(Last Updated on : 30/10/2010)
History of Malayalam literature is generally classified and separated into three phases. The first phase is counted as the phase of retreating Tamil ascendancy and forward-moving Sanskrit influence. Elitist poets of the age were hugely inquisitive to introduce Sanskrit literary forms like Champu and Sandesa Kavya and Sanskrit oriented linguistic and stylistic introductions and initiations. On one hand, an uncanny recoiling within erotic themes and on the other, a magnification of the resources of language and style could be witnessed. The succeeding period witnessed the birth of sage-poets, for whom poetry was an exceedingly solemn enterprise with a high-ceilinged moral rationale. These men had amalgamated and integrated the formal accomplishments of the former age of Malayalam literature and veered towards the Indian Puranas
for dignified and righteous themes. Malayalam poetry reached its zenith of grandeur during this phase, manifestly influenced by Bhakti renaissance and united with the mainstream of national literature.
The third phase of the Malayalam literature is marked by the incredible bang of liberal-democratic spirit. It arrived in the consequence of the first encounter with the west and distribution and propagation of modern education. It can also be observed that modern and innovative radical ideologies started to wield influence upon writers in this phase. The origin and development of the art of prose, circularisation of journalism, birth of radically new forms such as fiction, drama, lyric and literary criticism, could be witnessed gradually. In the present decades of unmatched curiosity, the visualisation broadens and creativity seeks novel pastures. Prose takes preference over verse and becomes the medium for both imaginative creation and intellectual exploration.
The early period of Malayalam literature
(precisely, prior to the 15th century) consisted of - Pacha-Malayalam stream, by which the literary expression in Malayalam language without any admixture is intended (Bhadrakali Pattu and Pulluvan Pattu), Tamil stream (Malayalam with liberated utilisation of Tamil words (Kannassa Ramayanam and Bharatamala) and, Sanskrit stream (Sanskritised Malayalam). The first stream consists of ballads and folk songs, which are knotty and complicated to date. Songs associated with religious customs and rituals such as Bhadrakali Pattu, Thiyattupattu, Sastrakali, Thottampattu and in the later point of time, Margamkalipattu are substantial varieties. Then there also existed the umpteen assorted festive songs like Onappattu and Krishipattu and ballads of North Malabar and South Malabar. In the Tamil stream, the most outstanding work is considered as Ramacharitham (12th century A.D.) composed in a language, which is an admixture of Tamil and Malayalam. This poem is followed by the works of Niranam poets, Kannasa Ramayanam, Bhagavad Gita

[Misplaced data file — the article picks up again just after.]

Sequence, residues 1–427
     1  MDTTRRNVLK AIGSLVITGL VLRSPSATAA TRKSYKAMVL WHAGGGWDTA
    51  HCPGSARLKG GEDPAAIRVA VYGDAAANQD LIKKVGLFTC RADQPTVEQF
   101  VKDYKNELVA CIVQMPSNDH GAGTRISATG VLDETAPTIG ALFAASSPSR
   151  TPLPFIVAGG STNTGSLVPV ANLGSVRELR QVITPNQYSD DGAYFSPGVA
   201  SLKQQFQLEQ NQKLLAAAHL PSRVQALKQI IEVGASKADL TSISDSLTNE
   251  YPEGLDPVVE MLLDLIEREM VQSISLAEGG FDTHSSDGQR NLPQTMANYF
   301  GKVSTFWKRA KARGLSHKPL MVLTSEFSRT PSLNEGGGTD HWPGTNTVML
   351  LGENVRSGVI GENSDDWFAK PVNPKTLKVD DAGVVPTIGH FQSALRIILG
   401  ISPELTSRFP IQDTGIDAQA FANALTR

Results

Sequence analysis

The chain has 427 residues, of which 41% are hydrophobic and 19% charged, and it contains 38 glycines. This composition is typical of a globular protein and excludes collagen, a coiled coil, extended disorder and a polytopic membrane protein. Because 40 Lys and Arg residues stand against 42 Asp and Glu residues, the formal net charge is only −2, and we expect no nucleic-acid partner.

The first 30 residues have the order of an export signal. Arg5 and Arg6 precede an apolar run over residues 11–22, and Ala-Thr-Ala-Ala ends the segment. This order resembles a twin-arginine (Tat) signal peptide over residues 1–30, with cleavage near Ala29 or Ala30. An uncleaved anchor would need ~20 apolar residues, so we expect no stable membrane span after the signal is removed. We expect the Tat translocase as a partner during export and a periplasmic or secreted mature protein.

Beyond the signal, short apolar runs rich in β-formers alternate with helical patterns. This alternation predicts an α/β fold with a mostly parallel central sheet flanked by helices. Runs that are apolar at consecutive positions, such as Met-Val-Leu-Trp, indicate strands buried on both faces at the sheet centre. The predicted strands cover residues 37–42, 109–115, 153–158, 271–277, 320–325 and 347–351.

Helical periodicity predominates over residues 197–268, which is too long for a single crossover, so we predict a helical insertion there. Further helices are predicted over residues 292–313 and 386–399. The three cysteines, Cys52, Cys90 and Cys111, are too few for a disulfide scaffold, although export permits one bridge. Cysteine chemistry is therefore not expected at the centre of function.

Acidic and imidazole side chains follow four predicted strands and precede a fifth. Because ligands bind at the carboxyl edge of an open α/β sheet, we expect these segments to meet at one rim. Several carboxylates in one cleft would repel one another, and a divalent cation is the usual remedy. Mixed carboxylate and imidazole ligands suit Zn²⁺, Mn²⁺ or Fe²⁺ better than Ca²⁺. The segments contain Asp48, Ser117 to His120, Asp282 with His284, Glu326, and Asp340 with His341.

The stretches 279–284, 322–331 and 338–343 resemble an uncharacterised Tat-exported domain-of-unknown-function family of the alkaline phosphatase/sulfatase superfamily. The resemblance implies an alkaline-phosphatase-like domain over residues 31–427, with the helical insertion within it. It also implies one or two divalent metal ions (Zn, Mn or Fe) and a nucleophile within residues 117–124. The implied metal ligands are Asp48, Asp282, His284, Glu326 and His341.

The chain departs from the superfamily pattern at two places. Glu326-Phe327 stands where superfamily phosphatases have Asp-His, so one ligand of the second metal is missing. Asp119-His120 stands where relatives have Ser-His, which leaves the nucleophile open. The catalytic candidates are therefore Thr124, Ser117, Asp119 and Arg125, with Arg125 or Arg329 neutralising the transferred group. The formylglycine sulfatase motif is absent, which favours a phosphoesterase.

and Bharatamala. The Niranam poets (Kannassan group) within Malayalam literature were nifty and grand scholars and represented literary luminescence.
Due to the incredible endeavours of the Namboodiris, the powerful feudal aristocrats of Kerala, Aryan Sanskrit had almost replaced Malayalam in its own land. The Mani-pravalam or 'ruby and coral style' was the child of such a pile-up, a style which meant employing as many Sanskrit words as was possible. The linguistic result of the two dominions, however, had been a well-chosen one; the orchestral resources of Malayalam literature have been immeasurably enriched. But while Tamil and Sanskrit took turns in destroying their authority, a third kind of Malayalam had evolved and survived - the 'pure Malayalam'. This was the folk stream of lullabies, wedding songs and requiems, which flowed through the centuries and became a crucial source of Malayalam literature later.